19. AsRock

    AsRock TPU addict

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    Spoken like some one who has never had one.. In fact the 1st ones of INTEL SSD's are known as one of the best SSD's you could buy..


    I hope they use their own controller once again..
  20. Prima.Vera

    Prima.Vera

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    Than what do you call this? Straight from Intel forums:

    http://communities.intel.com/message/125652
    http://communities.intel.com/message/122877
    http://communities.intel.com/thread/21587
    or you forgot about this:
    http://www.tomshardware.com/news/intel-bug-ssd-320-series,13076.html
    http://www.notebookcheck.net/Intel-SSD-320-Series-reportedly-failing-due-to-major-bug.57387.0.html
    ?

    And YES, I also had an Intel SSD also, died after 2 years. Very reliable in-deeed! :shadedshu
    Last edited: Mar 25, 2012
  21. WhiteLotus

    WhiteLotus

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    Not to start an argument. But two years ago the drives were all pretty new technology? I'd be surprised if most drives from back then are as good as they were.
  22. nt300

    nt300

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    ssd overall are overpriced and slow. This is 2012, harddrives should be as fast if not faster than the fastest performing DDR3 ram. We can all agree harddrives (companies) over the past several (many) years all have dragged the feet and didn't improve drive speed. The harddrive is still the slowest piece of hardware in the PC today.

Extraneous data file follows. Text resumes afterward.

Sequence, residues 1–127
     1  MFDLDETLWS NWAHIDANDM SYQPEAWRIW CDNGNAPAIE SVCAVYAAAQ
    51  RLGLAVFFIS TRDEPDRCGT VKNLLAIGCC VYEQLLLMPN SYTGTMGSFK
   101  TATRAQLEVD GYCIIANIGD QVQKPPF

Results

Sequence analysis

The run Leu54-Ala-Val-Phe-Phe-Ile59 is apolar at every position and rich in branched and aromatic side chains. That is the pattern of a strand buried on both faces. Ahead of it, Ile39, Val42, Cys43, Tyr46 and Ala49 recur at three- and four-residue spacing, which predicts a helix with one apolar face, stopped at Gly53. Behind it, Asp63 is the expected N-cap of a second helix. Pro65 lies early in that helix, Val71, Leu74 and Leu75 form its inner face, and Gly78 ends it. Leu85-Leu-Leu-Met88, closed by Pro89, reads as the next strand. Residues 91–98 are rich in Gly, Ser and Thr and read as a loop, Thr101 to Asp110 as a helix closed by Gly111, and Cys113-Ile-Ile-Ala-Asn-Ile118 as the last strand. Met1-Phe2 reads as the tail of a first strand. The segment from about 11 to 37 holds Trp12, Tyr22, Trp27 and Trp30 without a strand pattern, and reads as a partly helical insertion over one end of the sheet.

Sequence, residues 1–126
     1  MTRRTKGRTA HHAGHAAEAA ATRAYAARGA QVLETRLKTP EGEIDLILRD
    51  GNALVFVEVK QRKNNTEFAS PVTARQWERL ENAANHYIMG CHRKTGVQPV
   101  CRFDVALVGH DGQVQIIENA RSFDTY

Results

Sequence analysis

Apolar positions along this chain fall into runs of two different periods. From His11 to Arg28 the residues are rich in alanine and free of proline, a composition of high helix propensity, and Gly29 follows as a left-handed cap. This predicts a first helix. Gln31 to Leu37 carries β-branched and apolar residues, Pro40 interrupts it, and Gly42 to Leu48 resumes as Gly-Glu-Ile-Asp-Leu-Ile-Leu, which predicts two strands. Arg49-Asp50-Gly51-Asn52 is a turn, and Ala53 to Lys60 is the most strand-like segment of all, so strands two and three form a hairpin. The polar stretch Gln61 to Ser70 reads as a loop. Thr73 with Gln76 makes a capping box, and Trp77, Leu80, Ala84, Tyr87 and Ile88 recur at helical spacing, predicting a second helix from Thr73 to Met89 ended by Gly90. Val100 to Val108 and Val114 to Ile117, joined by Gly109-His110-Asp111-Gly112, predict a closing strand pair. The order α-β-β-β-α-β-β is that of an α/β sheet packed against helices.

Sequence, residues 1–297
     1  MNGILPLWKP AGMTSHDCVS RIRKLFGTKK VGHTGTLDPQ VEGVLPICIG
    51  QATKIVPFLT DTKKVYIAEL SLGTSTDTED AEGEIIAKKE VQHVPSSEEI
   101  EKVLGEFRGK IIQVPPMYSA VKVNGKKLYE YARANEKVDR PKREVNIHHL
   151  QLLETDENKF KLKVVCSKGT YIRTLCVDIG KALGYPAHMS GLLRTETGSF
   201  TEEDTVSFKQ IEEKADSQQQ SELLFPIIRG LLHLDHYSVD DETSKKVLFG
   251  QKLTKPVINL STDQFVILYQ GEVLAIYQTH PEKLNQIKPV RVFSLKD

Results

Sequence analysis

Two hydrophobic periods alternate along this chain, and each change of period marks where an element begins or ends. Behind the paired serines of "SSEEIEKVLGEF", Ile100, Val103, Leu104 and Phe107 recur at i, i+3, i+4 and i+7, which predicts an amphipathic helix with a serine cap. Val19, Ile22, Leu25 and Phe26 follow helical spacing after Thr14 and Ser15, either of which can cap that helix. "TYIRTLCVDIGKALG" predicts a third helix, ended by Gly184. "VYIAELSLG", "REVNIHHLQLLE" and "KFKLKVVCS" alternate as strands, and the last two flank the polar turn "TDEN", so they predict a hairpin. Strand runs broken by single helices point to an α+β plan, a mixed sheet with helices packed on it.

Today we should have been hitting at least 7,000 MB/s to 15,000 MB/s read/write speeds by now at an affordable price.
    We gone from IDE, EIDE, UDMA, Standard ATA, SCSI etc, with speeds of 33MHz, 66MHz, 100MHz, 133MHz etc. SATA150, SATA300, SATA600 etc.
    Last edited: Mar 25, 2012
  23. Aquinus

    Aquinus Resident Wat-man

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    I wouldn't start saying things unless you have sources to back up such extreme claims. I bet you a bottle of whiskey that this is completely BS. Maybe if you understood how rotational magnetic media works you wouldn't make such claims. SSD has the best possibility of hitting such speeds, but it will never happen this year. Even SSDs that use PCI-E 8x don't even get close to those kinds of speeds.

    Also finally, if a system has DDR3, how do you expect a CPU and chipset to move as much data as DDR3 can transfer? First of all, any copy that goes from drive to drive hits the CPU and main memory first. There simply isn't enough bandwidth to pull this off and the added latency of having a disk that far away from the CPU is completely unrealistic... and more is not physically possible with how computers are designed, and that isn't all changing in 2012.

    ...and what standard or math formula are you using to determine this? I bet you that your ram on your phenom ii barely hits 15gb/s to show how borked your claim is.

    Edit: It sounds like someone needs to read http://en.wikipedia.org/wiki/Memory_hierarchy
    Last edited: Mar 25, 2012
  24. Prima.Vera

    Prima.Vera

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  25. Darkrealms

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    As far as the old X25 SSDs I've had mine for over 2 1/2 years in a laptop that is bounced around every work day and have had no problems. I agree the write speeds are painful with a large install but the read speeds on it have been great.

    Perhaps nt300 would be willing to pay the $5.5k for 2800/2800 MB/s claimed by OCZ here:
    OCZ Z-Drive R4 CM88 800GB PCI-E PCI-Express 2.0 x8...